In conclusion, we showed for great tits breeding in the city that behavioral types were non-randomly distributed over an urban environmental gradient. Based on these findings, future research should investigate whether non-random distribution of types is caused by selective appearance (i.e., differential settlement), selective disappearance (i.e., natural selection) or urbanization-related behavioral modification (i.e., developmental or other forms of irreversible plasticity).
PS and ND conceived and designed the study, conceived the statistical approach, and wrote the manuscript
Conflict of Interest Statement
The authors declare that the research was conducted in the absence of any commercial or financial relationships that could be construed as a potential conflict of interest.
We thank past and current members, as well as field assistants and students of the Behavioral Ecology Group (Ludwig-Maximilians University Munich) and the research group Evolutionary Ecology of Variation (Max Planck Institute for Ornithology), as well as all citizen scientists for input, discussion, and/or help with data collection. Werner Schimmel and Dietfried Molter are acknowledged for technical support and Petri Niemelä for stimulating discussion. PS was funded by the Deutsche Forschungsgemeinschaft (SP 1450/3-1) and ND by the Max Planck Society.
The Supplementary Material for this article can be found online at: https://www.frontiersin.org/article/10.3389/fevo.2017.00092/full#supplementary-material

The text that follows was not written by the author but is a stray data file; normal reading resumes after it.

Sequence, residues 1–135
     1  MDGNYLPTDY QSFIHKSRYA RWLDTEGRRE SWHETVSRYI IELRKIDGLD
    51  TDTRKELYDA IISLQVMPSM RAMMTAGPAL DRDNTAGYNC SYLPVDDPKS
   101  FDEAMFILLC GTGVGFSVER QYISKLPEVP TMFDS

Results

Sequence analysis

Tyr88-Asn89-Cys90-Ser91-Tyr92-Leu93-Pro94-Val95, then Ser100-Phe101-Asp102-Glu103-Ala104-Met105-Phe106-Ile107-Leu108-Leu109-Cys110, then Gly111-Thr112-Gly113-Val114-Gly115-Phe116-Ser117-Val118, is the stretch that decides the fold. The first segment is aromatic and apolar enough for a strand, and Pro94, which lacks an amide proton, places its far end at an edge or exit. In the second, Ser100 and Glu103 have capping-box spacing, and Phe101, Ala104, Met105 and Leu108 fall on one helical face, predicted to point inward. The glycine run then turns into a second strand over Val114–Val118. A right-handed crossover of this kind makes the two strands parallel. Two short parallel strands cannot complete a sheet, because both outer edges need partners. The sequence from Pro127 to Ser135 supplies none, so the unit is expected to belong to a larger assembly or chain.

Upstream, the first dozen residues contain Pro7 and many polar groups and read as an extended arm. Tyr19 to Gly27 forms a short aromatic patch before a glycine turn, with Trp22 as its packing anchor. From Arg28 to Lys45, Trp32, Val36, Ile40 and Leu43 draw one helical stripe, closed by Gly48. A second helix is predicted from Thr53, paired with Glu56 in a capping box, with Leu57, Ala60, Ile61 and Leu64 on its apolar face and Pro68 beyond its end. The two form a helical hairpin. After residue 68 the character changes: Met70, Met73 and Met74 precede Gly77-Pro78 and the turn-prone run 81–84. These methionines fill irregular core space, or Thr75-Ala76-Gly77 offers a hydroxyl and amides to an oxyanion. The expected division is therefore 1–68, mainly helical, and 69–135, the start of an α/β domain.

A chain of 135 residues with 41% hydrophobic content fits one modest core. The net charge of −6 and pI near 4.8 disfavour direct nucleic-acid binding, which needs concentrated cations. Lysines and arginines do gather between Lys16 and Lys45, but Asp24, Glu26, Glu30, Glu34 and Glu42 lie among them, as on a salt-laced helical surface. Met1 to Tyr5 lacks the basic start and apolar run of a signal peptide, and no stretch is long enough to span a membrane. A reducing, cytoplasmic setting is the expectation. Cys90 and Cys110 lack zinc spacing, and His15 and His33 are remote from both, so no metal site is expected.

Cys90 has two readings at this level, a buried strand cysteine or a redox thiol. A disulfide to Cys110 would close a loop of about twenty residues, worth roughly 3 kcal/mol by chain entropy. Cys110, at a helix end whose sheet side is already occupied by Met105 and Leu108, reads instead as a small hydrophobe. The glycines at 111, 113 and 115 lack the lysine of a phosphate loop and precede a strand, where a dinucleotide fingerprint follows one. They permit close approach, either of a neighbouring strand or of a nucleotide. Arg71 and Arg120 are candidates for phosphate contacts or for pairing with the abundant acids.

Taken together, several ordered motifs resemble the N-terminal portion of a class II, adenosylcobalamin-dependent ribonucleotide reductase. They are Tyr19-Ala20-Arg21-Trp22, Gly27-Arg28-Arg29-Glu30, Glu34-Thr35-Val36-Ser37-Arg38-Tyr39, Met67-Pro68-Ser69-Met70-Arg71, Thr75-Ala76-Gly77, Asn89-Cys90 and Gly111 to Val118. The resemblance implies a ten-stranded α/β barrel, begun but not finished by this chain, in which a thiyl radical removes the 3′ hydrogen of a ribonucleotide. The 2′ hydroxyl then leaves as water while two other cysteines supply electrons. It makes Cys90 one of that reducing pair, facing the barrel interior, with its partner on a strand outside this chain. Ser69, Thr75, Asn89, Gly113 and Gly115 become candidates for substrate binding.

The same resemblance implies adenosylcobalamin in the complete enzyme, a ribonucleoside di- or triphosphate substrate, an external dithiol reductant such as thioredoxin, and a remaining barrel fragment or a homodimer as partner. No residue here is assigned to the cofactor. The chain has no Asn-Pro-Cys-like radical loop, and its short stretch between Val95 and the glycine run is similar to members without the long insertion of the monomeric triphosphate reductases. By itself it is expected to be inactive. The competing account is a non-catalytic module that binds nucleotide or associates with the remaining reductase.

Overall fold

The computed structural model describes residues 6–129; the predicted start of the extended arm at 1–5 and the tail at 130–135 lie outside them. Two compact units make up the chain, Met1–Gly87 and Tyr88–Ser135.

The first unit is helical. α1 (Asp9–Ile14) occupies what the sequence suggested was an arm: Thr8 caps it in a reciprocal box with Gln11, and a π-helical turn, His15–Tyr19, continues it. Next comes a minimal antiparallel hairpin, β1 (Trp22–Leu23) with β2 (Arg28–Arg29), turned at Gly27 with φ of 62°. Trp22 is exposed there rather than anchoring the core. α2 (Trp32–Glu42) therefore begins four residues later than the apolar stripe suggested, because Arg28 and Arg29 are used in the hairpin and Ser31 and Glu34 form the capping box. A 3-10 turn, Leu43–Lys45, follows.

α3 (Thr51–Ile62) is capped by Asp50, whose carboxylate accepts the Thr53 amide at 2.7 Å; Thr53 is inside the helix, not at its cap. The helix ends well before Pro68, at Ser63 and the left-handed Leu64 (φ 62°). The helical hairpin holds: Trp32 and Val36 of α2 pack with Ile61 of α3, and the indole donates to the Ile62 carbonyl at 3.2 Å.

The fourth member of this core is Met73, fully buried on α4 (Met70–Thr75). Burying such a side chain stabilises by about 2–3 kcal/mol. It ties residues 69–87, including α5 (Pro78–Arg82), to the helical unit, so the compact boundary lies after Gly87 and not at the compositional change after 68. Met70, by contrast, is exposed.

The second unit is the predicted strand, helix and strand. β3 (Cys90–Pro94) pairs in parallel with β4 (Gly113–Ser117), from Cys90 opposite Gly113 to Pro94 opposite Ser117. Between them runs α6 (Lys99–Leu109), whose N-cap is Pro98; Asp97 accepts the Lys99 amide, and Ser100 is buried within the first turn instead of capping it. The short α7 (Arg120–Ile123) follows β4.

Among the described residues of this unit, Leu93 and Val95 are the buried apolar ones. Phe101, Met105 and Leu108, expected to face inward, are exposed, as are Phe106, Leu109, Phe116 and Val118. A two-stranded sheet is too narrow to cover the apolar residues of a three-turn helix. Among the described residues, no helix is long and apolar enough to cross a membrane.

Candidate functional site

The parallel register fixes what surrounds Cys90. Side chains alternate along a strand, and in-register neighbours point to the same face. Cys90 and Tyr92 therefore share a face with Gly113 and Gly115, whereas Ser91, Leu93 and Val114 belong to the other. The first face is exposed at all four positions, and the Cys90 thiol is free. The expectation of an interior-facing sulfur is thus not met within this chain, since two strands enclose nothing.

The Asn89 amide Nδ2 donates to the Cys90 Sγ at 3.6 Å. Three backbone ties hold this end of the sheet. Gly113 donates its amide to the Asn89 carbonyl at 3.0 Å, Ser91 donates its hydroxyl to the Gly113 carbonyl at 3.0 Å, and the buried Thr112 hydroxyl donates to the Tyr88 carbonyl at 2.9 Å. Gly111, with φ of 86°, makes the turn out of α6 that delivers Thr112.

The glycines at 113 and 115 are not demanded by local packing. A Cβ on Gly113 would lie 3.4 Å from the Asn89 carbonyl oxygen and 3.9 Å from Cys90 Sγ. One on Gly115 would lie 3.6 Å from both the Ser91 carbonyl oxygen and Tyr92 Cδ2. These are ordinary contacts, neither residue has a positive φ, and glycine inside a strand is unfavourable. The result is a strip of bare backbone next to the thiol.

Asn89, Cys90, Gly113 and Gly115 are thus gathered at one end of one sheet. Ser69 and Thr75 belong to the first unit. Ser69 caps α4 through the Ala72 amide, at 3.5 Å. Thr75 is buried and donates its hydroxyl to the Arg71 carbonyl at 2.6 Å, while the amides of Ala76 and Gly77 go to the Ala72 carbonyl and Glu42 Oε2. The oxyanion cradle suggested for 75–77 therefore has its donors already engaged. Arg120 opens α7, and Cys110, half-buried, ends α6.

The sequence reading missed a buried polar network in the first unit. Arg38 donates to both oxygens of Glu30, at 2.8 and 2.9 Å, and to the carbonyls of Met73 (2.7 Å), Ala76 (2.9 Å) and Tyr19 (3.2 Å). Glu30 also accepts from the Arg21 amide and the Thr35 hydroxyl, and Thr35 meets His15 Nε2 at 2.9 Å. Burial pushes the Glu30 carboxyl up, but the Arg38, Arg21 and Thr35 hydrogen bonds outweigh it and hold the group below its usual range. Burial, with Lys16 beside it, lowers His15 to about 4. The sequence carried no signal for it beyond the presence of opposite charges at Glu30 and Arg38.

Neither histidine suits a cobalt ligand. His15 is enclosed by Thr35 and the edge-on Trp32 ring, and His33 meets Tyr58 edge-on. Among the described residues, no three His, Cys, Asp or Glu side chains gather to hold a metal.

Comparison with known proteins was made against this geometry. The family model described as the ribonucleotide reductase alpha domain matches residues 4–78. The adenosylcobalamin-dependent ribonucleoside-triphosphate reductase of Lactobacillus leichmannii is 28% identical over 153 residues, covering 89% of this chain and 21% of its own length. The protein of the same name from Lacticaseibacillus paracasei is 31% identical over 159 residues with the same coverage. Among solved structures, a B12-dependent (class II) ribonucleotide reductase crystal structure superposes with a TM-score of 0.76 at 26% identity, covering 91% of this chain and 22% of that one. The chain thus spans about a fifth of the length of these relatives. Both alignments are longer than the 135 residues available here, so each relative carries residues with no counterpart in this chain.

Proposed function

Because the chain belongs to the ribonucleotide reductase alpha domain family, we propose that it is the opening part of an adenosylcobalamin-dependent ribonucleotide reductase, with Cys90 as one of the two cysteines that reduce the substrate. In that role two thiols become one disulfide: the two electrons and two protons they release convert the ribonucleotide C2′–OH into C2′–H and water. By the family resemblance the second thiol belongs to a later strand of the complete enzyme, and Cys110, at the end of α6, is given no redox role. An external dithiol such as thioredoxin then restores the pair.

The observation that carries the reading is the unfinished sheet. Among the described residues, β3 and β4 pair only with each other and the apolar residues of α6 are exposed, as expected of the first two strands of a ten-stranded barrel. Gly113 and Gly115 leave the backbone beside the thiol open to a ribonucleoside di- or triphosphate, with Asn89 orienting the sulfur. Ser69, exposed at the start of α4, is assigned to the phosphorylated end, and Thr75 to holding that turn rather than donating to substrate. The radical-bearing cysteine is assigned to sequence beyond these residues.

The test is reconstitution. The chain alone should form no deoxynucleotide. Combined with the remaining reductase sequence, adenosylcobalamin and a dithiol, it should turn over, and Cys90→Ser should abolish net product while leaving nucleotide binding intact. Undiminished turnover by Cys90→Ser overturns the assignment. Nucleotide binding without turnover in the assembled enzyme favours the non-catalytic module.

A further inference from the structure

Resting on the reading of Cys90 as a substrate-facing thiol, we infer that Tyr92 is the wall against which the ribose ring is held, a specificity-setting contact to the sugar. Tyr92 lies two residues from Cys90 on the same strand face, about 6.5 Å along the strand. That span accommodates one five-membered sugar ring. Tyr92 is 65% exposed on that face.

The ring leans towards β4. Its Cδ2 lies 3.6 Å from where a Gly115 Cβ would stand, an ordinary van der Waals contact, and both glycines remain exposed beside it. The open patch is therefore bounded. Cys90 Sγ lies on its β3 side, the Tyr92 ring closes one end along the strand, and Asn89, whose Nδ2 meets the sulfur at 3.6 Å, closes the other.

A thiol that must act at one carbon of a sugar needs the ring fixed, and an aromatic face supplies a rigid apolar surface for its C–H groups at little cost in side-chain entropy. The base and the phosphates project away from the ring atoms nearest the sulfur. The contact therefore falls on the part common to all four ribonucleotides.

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Keywords: among-individual variation, phenotypic plasticity, personality, urbanization, great tit, within-individual variation
Citation: Sprau P and Dingemanse NJ (2017) An Approach to Distinguish between Plasticity and Non-random Distributions of Behavioral Types Along Urban Gradients in a Wild Passerine Bird. Front. Ecol. Evol. 5:92. doi: 10.3389/fevo.2017.00092
Received: 30 March 2017; Accepted: 24 July 2017;
Published: 08 August 2017.
Edited by:Caroline Isaksson, Lund University, Sweden
Reviewed by:Wayne C. Zipperer, USDA Forest Service, United States
Geoffrey M. While, University of Tasmania, Australia
Copyright © 2017 Sprau and Dingemanse. This is an open-access article distributed under the terms of the Creative Commons Attribution License (CC BY). The use, distribution or reproduction in other forums is permitted, provided the original author(s) or licensor are credited and that the original publication in this journal is cited, in accordance with accepted academic practice. No use, distribution or reproduction is permitted which does not comply with these terms.
*Correspondence: Philipp Sprau, firstname.lastname@example.org